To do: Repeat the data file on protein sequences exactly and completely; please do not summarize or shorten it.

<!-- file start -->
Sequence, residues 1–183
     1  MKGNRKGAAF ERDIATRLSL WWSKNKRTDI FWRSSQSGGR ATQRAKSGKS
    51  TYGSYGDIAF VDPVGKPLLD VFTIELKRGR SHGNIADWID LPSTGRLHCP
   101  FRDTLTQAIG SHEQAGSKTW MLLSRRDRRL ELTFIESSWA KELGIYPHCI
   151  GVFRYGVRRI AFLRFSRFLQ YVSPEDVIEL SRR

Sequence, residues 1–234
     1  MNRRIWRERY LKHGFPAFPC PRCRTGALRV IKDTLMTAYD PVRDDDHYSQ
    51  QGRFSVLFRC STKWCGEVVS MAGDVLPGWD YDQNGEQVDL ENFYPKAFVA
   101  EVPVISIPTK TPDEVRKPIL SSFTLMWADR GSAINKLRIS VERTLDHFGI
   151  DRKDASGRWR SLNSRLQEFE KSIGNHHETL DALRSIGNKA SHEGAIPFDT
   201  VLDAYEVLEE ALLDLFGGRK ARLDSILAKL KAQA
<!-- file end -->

Sequence, residues 1–183
     1  MKGNRKGAAF ERDIATRLSL WWSKNKRTDI FWRSSQSGGR ATQRAKSGKS
    51  TYGSYGDIAF VDPVGKPLLD VFTIELKRGR SHGNIADWID LPSTGRLHCP
   101  FRDTLTQAIG SHEQAGSKTW MLLSRRDRRL ELTFIESSWA KELGIYPHCI
   151  GVFRYGVRRI AFLRFSRFLQ YVSPEDVIEL SRR

Sequence, residues 1–234
     1  MNRRIWRERY LKHGFPAFPC PRCRTGALRV IKDTLMTAYD PVRDDDHYSQ
    51  QGRFSVLFRC STKWCGEVVS MAGDVLPGWD YDQNGEQVDL ENFYPKAFVA
   101  EVPVISIPTK TPDEVRKPIL SSFTLMWADR GSAINKLRIS VERTLDHFGI
   151  DRKDASGRWR SLNSRLQEFE KSIGNHHETL DALRSIGNKA SHEGAIPFDT
   201  VLDAYEVLEE ALLDLFGGRK ARLDSILAKL KAQA